Viva New Vegas


Leave it to Vegas - even in the post-apocalyptic world of Fallout, the town still manages to put on a show. The Las Vegas, or rather New Vegas, in the upcoming Fallout: New Vegas is a brightly lit, shining beacon in the brown desert world of Fallout and another place for a wanderer to try and scrape out a living.

New Vegas isn’t the D.C. Wasteland, but it’s still a desert, so it’s still a wide-open space with not much in the way of scenery. Still, all things considered, things have held up quite nicely in the wake of all-out nuclear war. Although the story takes place three years after Fallout 3, don’t expect to pick up your character’s story. New Vegas is more of a side-story in the same universe. New area, new character and a set of new enemies await. This time around, the main conflict revolves around control of the Hoover Dam, the one facility still able to produce power. The group that controls the power, well… has the power.

The two main factions vying for control of the dam are Caesar’s Legion, a group of slavers, and the New California Republic, which is basically the game’s “government group.” It was really hard to get a feel for either group based on the demo, but it seems like deciding who is in the right will be a tricky task. Another major player is Mr. House, a shadowy figure who runs the independent outpost of New Vegas.

New Vegas remains true to the Fallout 3 formula. Reps wouldn’t speculate on the size of the area players would explore during the game, but suggested it would be around the same size as the D.C. Wasteland. During my hands-on time with the game, I was able to visit two areas, the Strip and a small Caesar’s Legion slaver camp in the Mohave Desert.

Even after a war, Vegas is still Vegas. The bright lights and colorful scenery are a nice change of pace from Fallout 3’s drab surroundings. The strip plays home to a set of operational casinos: Lucky 38, Vault 21, The Tops, The Ultra-Luxe and Gomorrah. Each casino hosts its own set of casino games, including a few that were created just for the game. One really interesting tidbit involves money. Bottlecaps are still a major form of currency, though each group in the game accepts a different type of currency, such as the casino chips, NCR money and Caesar’s Legion coins. There’s an active exchange rate in the game, and it will fluctuate based on who you’re in good standing with.

A few minutes after my arrival on the Strip, a shady character known as Mr. Holdout approached me with an offer. According to Mr. Holdout, weapons are not allowed in the casinos, but if I was willing to part with a few dollars, he’d hook me up with a pistol I could sneak into the casino. I saw no immediate reason as to why I’d need a gun in the casino, but in the spirit of experimentation, I took him up on the offer.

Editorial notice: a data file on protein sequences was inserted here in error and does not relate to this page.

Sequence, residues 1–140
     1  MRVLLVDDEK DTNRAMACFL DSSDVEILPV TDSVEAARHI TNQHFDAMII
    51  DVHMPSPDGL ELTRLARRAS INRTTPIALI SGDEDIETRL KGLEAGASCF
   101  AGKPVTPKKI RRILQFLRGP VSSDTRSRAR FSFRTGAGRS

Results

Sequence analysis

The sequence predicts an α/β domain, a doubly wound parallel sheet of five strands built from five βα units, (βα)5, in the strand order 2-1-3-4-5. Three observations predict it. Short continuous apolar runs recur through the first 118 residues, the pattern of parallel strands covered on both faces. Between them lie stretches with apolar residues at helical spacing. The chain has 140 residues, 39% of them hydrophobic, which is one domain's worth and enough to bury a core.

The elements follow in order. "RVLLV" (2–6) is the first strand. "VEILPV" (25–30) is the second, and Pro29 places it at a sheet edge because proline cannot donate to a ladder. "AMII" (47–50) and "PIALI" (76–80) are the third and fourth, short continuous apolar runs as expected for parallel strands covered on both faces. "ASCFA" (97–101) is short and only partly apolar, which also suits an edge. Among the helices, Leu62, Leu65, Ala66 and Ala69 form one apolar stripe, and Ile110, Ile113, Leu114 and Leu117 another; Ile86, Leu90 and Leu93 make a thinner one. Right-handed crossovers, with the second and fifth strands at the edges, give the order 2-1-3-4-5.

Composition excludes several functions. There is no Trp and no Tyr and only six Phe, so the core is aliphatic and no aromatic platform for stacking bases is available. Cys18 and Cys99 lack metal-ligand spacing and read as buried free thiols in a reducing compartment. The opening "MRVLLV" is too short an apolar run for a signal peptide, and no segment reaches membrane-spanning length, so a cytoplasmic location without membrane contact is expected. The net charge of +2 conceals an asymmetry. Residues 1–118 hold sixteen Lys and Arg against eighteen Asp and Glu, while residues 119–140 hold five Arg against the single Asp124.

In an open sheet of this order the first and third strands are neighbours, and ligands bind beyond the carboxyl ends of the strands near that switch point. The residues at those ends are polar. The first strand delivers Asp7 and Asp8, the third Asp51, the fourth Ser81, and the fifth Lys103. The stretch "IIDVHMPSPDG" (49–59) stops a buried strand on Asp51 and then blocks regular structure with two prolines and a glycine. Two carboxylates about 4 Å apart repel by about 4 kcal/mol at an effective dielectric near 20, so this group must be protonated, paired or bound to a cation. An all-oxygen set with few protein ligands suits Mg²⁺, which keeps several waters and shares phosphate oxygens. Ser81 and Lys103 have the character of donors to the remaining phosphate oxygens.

Once I arrived at the casino, the doorman immediate asked for my weapons, opening up a familiar dialogue tree. I was given the option to hand over everything, but since my Stealth skill was high enough, I gave Mr. Holdout’s plan a go. It worked and I was soon the only guy in the casino with a gun (or so it seemed). Apparently, if I decided to pull the gun and start shooting up the place, I would have found myself in a no win situation with security. I opted to check out a few casino games instead.

Blackjack offered another reason to see New Vegas’s stat system at play. There’s still a certain amount of skill required to play games, but characters with a higher luck skill will find more success. My character enjoyed a maxed out Luck attribute, giving me an uncanny amount of luck. I couldn’t lose.

The second part found my character with a group from the NCR at the outset of a raid on a Ceasar’s Legion encampment. I was offered the choice on which way to approach the camp, and soon found myself working my way down the side of the hill, blasting a bunch of guys in skirts and goofy Legionnaire headgear.

VATS is back and works just as well as ever. As I worked my way through the camp, I periodically switched between VATS and “real-time” shots. Both feel great, though I had the added help of a nearly god-like character, so my skill was a slight bit higher than it would be in the retail game. Still, I had a blast abusing the heck out of the system. The raid also provided a chance to check out some of the game’s guns, which include a nice selection of rifles, sub-machine guns and a few devastatingly awesome energy weapons.

In the end, Fallout: New Vegas feels like more Fallout 3. Considering the latter was one of my favorite games last year, I can’t wait for a trip to Vegas.

Fallout: New Vegas
Bethesda Softworks